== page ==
Bringing Home a New Puppy!
Updated: Jul 9
So you’re getting a new puppy! Congratulations! You’re about to embark on a wonderful adventure. There’s so much to think about and I’m going to fill you in on some tips to help prepare for the arrival of the newest, furriest member of your family. We’ll be going into details like food, puppy essentials, tools for house training and great ways to socialise the little one.
The one universal law when it comes to what to feed your pup is… whatever it was eating before. If you can avoid it, you never want to suddenly change a dog’s diet, no matter what age they are. It can cause upset stomachs, and upset stomachs lead to not only a mopey pup but more than likely a bit of a mess for you…
When it does come time to change your dog’s diet you’re going to want to do so gradually, by slowly decreasing the old food, while slowly increasing the new food. In the beginning your puppy will need to be fed a small amount, multiple times throughout the day.
Be sure to pick a good quality, puppy friendly dog food. The labelling will always clearly state if it’s suitable for a puppy or not. Just like humans, dogs require different sets of nutrients at different ages, and the dog food companies have taken all of the hard work out of that for us.
A very well trusted dog food brand is Eukanuba. If you’re not sure, make sure you talk to your vet about the best pet food for your puppy.
***Disclaimer: some of the links below are affiliate links and as such I may receive a small commission at no extra cost to you if you choose to make a purchase. Village Dog Walking does not intend to give veterinary advice, these posts are based on extensive research, experience, observation and opinion only and does not substitute veterinary advice. Please always consult with your veterinarian***
It’s also a great idea to have some training treats ready to go. Boat to
Bowl make wonderful products including training treats and they have a huge emphasis on sustainable sourcing. They’re a great South Australian company.
It’s very important to note that dog treats are intended to be used as rewards when training and are definitely not a meal replacement. It’s also worth noting that a small training treat works just as effectively as a big one, so break those suckers up to make the most out of them and to keep your dog nice and healthy.
Savour Life is another great Australian company to support and also have delicious treats. Not that I’ve personally tasted them…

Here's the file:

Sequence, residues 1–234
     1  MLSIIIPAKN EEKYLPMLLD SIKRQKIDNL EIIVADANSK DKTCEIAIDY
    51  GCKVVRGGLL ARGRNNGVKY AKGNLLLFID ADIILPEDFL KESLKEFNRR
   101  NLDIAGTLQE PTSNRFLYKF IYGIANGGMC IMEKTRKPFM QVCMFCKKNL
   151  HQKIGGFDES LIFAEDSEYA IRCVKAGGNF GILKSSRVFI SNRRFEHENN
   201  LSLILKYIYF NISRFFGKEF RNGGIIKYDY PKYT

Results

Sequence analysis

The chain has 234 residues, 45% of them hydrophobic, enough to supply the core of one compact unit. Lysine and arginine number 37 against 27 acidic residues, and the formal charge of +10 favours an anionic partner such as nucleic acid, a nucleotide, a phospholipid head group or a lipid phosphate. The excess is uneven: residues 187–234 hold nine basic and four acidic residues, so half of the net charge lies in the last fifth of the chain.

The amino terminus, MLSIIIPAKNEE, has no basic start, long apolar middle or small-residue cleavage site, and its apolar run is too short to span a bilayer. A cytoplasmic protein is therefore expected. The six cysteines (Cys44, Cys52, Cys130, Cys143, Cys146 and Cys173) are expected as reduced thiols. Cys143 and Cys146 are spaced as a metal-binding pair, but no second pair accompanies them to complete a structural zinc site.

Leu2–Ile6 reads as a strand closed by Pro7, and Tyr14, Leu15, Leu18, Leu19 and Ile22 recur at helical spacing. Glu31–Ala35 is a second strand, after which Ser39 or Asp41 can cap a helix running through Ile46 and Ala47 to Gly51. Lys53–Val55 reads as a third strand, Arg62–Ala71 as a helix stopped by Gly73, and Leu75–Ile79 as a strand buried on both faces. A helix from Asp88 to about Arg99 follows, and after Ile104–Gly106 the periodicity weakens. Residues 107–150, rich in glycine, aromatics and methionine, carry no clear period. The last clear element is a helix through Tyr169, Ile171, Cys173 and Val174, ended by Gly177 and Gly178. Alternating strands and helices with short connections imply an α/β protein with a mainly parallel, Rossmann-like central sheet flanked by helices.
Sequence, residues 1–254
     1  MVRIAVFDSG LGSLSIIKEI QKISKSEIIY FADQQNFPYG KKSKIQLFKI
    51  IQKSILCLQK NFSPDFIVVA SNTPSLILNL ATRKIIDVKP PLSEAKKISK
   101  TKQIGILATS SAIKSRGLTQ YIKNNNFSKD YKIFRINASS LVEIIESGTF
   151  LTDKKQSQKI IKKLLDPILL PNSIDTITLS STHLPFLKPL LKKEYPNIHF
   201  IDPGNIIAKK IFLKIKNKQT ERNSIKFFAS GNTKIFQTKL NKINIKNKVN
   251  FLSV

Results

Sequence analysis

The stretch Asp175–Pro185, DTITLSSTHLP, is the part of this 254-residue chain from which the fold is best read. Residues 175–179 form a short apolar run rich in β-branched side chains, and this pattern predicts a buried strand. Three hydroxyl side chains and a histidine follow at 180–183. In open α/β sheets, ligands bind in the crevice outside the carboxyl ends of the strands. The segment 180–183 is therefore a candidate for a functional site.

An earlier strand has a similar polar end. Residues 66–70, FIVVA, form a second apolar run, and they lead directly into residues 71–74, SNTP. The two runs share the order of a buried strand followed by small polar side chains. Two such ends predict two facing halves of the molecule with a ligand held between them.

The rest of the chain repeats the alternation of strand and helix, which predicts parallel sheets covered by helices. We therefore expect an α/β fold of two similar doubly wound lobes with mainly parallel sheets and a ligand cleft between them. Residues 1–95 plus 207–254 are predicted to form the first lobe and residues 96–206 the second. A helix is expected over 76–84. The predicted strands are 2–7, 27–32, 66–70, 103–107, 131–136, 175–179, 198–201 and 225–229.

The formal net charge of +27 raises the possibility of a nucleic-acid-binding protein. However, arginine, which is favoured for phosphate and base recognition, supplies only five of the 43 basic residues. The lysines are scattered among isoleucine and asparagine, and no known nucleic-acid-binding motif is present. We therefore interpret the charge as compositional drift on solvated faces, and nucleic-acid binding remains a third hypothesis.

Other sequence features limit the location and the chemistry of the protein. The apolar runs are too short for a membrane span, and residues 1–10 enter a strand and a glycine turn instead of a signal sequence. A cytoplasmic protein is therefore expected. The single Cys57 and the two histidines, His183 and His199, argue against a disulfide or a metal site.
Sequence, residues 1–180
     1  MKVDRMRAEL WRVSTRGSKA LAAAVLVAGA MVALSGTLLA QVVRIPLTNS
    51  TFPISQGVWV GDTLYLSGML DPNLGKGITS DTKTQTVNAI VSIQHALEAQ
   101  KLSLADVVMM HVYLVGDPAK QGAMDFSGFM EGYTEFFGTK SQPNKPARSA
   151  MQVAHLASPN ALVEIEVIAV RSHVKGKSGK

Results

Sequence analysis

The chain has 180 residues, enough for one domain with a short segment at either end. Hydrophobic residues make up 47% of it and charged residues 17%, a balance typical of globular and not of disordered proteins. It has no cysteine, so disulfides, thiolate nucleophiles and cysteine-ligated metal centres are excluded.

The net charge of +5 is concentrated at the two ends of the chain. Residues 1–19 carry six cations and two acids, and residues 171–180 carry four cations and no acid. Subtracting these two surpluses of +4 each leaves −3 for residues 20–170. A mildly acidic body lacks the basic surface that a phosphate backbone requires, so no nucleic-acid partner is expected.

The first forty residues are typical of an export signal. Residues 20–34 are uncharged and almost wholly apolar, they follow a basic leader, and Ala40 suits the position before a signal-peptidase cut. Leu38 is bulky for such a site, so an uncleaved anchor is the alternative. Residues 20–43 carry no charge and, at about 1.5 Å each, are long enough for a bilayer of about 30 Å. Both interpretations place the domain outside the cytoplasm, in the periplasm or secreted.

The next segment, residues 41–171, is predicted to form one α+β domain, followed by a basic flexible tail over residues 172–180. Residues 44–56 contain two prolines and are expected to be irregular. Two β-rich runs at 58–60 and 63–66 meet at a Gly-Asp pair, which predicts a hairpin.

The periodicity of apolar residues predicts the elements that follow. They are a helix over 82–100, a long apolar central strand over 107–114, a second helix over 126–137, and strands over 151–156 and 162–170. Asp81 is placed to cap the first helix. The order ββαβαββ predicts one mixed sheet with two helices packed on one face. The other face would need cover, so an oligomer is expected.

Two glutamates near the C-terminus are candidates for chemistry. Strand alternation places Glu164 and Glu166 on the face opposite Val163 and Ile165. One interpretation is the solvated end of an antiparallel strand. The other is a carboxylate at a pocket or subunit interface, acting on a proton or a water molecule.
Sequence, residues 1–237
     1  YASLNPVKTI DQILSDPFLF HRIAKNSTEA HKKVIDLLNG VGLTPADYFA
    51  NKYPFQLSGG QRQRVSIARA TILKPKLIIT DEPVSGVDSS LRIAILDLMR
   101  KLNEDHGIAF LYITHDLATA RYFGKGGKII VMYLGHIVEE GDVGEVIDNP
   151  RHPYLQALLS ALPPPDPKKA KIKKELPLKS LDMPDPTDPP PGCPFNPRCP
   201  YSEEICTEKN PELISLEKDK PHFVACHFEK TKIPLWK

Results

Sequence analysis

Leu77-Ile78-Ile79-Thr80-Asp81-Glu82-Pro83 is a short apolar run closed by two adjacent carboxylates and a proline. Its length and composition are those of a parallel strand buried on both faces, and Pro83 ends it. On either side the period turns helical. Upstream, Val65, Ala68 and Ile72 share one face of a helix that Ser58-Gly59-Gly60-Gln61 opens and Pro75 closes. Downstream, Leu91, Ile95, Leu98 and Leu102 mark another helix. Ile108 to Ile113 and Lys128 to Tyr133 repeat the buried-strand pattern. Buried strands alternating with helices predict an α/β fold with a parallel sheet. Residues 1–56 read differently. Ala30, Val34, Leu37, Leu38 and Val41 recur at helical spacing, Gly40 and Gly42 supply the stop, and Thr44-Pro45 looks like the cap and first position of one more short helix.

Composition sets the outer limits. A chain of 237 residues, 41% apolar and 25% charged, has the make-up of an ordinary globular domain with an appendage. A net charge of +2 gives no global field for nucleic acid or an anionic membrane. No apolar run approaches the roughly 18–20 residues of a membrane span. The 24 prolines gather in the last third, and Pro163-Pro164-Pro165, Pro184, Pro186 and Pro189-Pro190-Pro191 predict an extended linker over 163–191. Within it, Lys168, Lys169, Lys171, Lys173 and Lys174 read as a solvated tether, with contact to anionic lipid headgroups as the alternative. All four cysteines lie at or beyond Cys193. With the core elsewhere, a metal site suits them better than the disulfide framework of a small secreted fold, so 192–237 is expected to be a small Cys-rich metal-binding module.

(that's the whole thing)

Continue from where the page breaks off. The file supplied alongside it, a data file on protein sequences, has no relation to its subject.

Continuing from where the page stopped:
Two bowls, one for water and one for food. Go for a good quality bowl that will last. You don’t need to buy a small bowl because your puppy is currently small. This is one thing it’s completely safe to let your puppy “grow into”.
I really love these Now House bowls. They’re dishwasher safe, they come with a non slip layer that also doubles as a lid for storage and travel, it comes in a few different designs, all of which are super classy and cute.
Puppy collar and possibly a harness and definitely a lead. I love the Fuzzyard products. They’re an Australian company and they have so many fun designs. These products are super durable and if you get a regular size lead there will be no need to upgrade when the time comes to get a bigger collar. It’s also a very sensible idea to invest in an identity tag with their name and your number.
I cannot speak more highly of Kong’s. These are such a wonderful way to keep your puppy entertained if you need to leave them alone for a bit, they are almost indestructible. I am yet to come across another product that is this durable. The dogs absolutely love them.
A favourite amongst the finest of dogs is your basic rope toy. Hours of entertainment plus it will clean their little teeth as they chew. These ones are rainbow and we love a rainbow here at Village Dog Walking.
It’s hugely beneficial to start getting your dog used to being brushed daily, even if they have a short coat. It helps with shedding, it’s a lovely massage and it’s a wonderful way to build a bond with your dog. These Kazoo puppy brushes, slickers, and combs are another great Australian product.
Now, it’s highly likely your puppy is going to try to destroy any bed you get them in the beginning so it’s a good idea to either not waste too much money while they’re going through their chewing stage, or invest in something that is built to last. You can get something like the Coolaroo and throw a blanket on top, comfortable in the knowledge that the blanket is going to end
up in strips but your will have saved on a bunch of soft cushiony beds being joyously shredded by your proud pup.
If your puppy is not house trained when it arrives, it is essential that you are able to commit the time to helping your puppy work out where to go to the toilet. This can be a time consuming process and is going to take patience but you will thank yourself in the long run.